RK is bringing sexy back with this brothel-themed video for “Moneymaker,” the first single off their highly anticipated new record Under The Blacklight. The song is funky and groovy and a departure from the band’s not-quite-alt-country roots. But it also completely rocks.

Blacklight drops August 21. Grab the MP3 at My Old Kentucky Blog. Grab presale tickets at Ducat King.

July 4, 2007

It’s pathetic that this post has been collecting dust in my notebook for months. But in the interest of completeness, here you go.


For the first time ever, I have named co-number ones. It’s fitting because they are both such active participants in the conversation about the role of religion in American life. But first, the music.

The Thermals are loud and fast and fun. The type of band about 250 people get blown away by every night. Tight, focused and frantic, but ultimately pretty straight ahead.

The Hold Steady are a little more ambitious. The video below for for the hit “Chips Ahoy” is set in a forgotten and dusty motel at the side of a desert road. The music is a perfect soundtrack.


The Hold Steady, “Chips Ahoy”

They still rock, to be sure, but where the Thermals just tell you what they think, The Hold Study are much more likely to reach for a metaphor to say how they feel.

Both albums tackle topics of religion head on. The Thermals deliver rock’s traditional middle finger to the establishment with the lyrics of 2006.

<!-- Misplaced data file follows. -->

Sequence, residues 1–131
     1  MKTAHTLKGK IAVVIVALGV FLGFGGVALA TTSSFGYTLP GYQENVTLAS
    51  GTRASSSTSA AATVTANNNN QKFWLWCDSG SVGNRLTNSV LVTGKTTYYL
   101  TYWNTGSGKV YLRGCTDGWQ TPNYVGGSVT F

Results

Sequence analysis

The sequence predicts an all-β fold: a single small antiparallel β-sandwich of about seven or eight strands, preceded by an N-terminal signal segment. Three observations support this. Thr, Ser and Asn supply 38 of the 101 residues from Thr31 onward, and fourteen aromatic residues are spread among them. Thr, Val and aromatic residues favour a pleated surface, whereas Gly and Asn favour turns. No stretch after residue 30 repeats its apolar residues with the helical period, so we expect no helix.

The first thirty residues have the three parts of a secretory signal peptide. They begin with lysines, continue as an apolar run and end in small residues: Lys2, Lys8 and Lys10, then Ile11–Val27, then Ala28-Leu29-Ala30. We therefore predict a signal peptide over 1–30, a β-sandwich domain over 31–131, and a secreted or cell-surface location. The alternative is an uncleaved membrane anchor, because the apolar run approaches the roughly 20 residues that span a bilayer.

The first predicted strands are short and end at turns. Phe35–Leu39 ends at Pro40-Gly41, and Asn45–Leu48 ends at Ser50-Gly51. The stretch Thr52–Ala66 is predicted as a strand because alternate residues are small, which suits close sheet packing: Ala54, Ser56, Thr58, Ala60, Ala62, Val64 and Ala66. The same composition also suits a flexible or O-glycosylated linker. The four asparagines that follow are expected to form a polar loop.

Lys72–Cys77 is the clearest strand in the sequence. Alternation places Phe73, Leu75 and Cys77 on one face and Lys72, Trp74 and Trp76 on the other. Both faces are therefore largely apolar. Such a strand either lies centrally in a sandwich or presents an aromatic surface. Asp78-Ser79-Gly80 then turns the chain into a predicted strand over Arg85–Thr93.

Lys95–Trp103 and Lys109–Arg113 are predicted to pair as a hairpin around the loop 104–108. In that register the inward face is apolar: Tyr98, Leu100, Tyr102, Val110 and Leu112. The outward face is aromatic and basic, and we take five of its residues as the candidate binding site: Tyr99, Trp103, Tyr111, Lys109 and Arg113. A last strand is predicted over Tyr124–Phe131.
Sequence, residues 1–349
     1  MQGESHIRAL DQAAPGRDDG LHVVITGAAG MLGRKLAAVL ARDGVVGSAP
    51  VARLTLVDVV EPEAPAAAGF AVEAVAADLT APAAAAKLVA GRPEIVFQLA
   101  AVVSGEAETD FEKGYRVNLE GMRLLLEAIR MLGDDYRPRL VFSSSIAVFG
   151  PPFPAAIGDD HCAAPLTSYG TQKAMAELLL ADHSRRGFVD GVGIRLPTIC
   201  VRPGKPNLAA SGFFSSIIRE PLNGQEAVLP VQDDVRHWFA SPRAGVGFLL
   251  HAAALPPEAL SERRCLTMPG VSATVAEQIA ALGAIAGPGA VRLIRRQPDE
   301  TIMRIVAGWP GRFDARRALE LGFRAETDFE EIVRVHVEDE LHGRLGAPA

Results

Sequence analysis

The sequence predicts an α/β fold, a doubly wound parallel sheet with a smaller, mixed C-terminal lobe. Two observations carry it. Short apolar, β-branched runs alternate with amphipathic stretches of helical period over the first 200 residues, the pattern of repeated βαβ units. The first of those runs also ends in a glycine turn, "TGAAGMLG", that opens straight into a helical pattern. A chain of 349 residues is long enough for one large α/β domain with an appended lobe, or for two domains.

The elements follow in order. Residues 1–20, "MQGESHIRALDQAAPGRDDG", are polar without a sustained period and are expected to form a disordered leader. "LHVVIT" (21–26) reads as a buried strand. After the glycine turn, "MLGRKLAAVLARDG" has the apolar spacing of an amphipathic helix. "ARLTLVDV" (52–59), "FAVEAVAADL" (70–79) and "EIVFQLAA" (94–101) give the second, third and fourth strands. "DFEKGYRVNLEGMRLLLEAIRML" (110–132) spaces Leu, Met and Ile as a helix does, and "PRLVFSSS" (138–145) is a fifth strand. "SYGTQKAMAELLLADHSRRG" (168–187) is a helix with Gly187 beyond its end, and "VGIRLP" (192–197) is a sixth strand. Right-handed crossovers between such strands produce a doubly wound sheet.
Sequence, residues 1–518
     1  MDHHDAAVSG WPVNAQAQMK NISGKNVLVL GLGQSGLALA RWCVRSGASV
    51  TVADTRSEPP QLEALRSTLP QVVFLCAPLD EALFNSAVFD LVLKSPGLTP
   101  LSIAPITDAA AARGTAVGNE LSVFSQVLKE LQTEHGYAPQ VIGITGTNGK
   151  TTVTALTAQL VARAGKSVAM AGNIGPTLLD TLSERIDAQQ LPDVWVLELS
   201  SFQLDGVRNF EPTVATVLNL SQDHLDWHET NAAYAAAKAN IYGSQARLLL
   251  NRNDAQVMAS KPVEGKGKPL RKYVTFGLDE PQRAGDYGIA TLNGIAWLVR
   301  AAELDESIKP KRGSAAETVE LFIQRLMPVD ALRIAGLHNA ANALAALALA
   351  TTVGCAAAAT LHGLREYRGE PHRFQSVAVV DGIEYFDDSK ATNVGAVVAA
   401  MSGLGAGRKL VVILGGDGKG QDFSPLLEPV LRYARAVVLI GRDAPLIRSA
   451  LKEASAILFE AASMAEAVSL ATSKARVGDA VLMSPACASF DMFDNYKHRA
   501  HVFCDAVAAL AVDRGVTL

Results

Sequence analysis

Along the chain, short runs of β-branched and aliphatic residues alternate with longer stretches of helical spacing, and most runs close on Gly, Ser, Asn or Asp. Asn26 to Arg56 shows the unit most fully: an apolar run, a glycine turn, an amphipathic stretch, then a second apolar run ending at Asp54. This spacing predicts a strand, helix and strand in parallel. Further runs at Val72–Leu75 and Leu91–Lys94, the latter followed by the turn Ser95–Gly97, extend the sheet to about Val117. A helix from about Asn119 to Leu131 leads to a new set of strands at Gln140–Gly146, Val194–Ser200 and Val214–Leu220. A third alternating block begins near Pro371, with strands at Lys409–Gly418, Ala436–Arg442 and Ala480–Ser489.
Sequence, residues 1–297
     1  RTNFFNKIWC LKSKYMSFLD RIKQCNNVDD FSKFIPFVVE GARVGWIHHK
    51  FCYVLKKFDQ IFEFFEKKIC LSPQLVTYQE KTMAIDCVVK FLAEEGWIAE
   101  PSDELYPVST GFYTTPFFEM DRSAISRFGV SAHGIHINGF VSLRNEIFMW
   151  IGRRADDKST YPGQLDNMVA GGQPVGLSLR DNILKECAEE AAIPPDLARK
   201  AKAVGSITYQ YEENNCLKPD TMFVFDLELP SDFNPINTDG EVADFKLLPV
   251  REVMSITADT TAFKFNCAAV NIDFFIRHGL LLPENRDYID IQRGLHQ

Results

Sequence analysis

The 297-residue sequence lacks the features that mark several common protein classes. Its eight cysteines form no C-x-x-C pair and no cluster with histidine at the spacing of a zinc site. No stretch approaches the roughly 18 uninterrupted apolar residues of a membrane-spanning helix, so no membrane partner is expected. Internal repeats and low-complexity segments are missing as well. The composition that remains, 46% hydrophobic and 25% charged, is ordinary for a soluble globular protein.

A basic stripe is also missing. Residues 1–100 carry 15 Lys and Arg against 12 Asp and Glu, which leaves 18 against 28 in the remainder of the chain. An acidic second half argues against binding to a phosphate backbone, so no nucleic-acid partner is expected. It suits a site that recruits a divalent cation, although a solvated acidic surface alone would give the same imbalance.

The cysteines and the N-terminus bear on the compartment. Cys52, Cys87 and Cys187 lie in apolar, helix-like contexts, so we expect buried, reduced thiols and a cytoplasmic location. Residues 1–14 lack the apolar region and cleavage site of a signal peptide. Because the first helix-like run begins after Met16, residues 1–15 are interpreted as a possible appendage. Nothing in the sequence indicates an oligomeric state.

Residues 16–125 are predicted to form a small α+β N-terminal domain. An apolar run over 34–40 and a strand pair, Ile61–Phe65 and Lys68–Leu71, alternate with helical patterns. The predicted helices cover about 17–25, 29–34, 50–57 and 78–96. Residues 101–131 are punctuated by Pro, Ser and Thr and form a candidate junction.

We were born to sin.
We were born to sin.
We don’t think we’re special, sir.
We know everybody is.

—The Thermals, “Pillar of Salt”

That’s not to say they’re solely reactionary. Picturing God as an authoritarian on a power trip, The Thermals’ Jesus looks to the sky and screams “Dad, I’m afraid!”

Ultimately, the record makes one overarching point: Extremism, absolutism, and authoritarianism are (A) central to a whole lot of modern religious practice and doctrine and (B) anti-thetical to rock’s rabid individualism.

I’m tempted to cast my lot with rock and roll.

On the other hand, my sister’s friend Benn basically says The Hold Steady are actively undermining the fabric of rock. As he sees it, the arc of the morality tales playing out in their songs is simple: Jesus saves.

If, as the Thermals seem to, you believe that rock is inherently anti-religion and vice-versa, this is really a pretty subversive claim for an buzz bin rock band.

I’m not sure Benn’s take is entirely accurate. Yeah, the lyrics mention how one character “wasn’t that good of a Christian,” but the story of religious salvation is pretty oblique. In most songs, the characters are saved by love.

The imagery is probably vague enough that the “love” in question could be God’s divine love, but frankly the idea that love can lift up addicts and prostitutes is probably Christianity’s most noble aspect.